4 Practical Tips to Successfully Launch Your Parenting Plan

christian family stewardship family parenting Nov 26, 2023
4 Practical Tips to Successfully Launch your Parenting Plan

“Whatever you do, work at it with all your heart, as working for the Lord.”

– Colossians 3:23


 

Introduction

Once you’ve gone through the work of putting together a parenting plan, it’s time to put it into action. This is always really exciting, and it can be tempting to jump in with both feet. However, we have found that it is best to start small and simple, with prayer at the center. Before you put any part of your plan into practice, lay it before the Lord and ask Him to bless it and keep your hearts properly oriented toward Him.

It’s also vital to make sure that your family is aware of the changes that will be happening and the reasons you’ve chosen to implement them. Big adjustments can be hard, so starting small and incrementally can be an excellent tactic. It also helps you see how your family reacts to individual changes. For example, if you suspect you have a food allergy and go on an elimination diet, it’s wise to add foods back into your system one at a time to determine what is causing the problem. If you add in five foods at the same time, you might see a reaction, but you won’t know for sure what’s causing it because there are too many variables! In the same way, making small changes can help you evaluate what is and isn’t working for your family as a unit. If a certain choice isn’t beneficial, you don’t need to get frustrated. Not every change is going to be a good fit for your family, and that’s okay!

We’ve come up with four practices that give families a good headstart into launching their parenting plans. We’re excited to share them with you!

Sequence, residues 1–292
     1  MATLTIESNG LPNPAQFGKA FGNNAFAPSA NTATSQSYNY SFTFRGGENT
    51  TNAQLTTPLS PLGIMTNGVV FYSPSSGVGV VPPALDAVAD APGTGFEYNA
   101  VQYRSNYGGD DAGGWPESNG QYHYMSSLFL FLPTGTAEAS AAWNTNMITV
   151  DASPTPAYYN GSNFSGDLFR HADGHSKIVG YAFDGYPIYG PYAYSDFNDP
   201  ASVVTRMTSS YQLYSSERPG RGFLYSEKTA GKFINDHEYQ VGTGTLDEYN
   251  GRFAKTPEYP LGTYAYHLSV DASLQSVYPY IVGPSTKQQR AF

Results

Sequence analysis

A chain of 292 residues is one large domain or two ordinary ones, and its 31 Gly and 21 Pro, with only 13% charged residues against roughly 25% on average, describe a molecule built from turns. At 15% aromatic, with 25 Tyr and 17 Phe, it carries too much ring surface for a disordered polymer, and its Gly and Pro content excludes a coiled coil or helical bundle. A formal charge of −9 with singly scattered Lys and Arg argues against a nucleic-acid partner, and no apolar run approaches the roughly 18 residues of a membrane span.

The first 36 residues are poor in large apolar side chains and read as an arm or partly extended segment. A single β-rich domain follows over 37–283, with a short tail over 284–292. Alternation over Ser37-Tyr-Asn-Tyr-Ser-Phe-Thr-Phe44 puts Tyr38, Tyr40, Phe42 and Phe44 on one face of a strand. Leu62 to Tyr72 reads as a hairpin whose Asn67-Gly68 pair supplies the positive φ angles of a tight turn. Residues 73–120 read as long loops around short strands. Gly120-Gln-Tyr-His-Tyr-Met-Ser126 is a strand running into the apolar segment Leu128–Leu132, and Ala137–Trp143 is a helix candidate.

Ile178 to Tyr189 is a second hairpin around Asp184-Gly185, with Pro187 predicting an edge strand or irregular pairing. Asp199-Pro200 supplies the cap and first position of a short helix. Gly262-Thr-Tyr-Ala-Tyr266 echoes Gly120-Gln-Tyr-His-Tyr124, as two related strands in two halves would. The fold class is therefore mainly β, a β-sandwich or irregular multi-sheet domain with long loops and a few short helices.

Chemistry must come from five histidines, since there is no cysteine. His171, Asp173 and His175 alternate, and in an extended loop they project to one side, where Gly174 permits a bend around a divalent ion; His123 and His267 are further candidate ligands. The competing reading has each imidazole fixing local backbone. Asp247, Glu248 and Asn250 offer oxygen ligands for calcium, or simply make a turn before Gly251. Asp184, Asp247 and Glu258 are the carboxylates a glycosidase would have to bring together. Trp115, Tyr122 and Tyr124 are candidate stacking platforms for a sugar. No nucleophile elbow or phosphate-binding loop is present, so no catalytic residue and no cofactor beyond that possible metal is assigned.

Step 1: Eliminate Excess

The first thing to do is eliminate excess. It’s wise to take a look at all the activities that fill your days, weeks, months, and year. While you don’t need to get rid of everything and start from scratch, try and evaluate if there are any activities in your life that you recognize are not consistent with your family’s vision, values, and guiding principles. It’s great to do this together so that everyone is involved and blind spots are less likely to happen. If something doesn’t align with your vision and values, you can:

  • Eliminate the activity completely.
  • Minimize the amount of time spent on the activity.
  • Modify the activity so it is more consistent with your family values.

If you eliminate something that fills a certain need, work on replacing it with something that is similar, but more consistent with your vision and values.

Be prepared that some extended family members or friends may not understand why you’re eliminating certain things. They may get angry, question you, or think you’re being weird. If you get pushback, remember to keep your long-term goals in mind. Knowing the “why” behind your choices will help you navigate these short-term challenges.

If you want to eliminate multiple activities from your life, we advise you to take it slow. You don’t need to stop everything all at once. Instead, have a plan for how and when you will be making changes and make sure everyone is aware of it. In our family, gymnastics at our local gym was held during our family dinner time. After talking with the instructor, we were able to attend gymnastics at a new afternoon time slot on a different day. This ended up working better for the instructor’s schedule and ours!

 

Step 2: Establish Routines

We have two blog posts dedicated to the subject of routines. To learn how they can help you launch your parenting plan, please click on the following:

 

Step 3: Sync Your Schedules

To help ensure that you are incorporating activities that are upholding your values and are in line with your vision, it’s important to have a shared calendar that keeps your family informed of everyone’s plans. This could be a typical paper one that hangs in your kitchen, a shared online calendar, or an app linked to everyone’s devices. Whatever you choose, it just needs to be easily accessible to Dad and Mom, and possibly your kids (depending on their ages).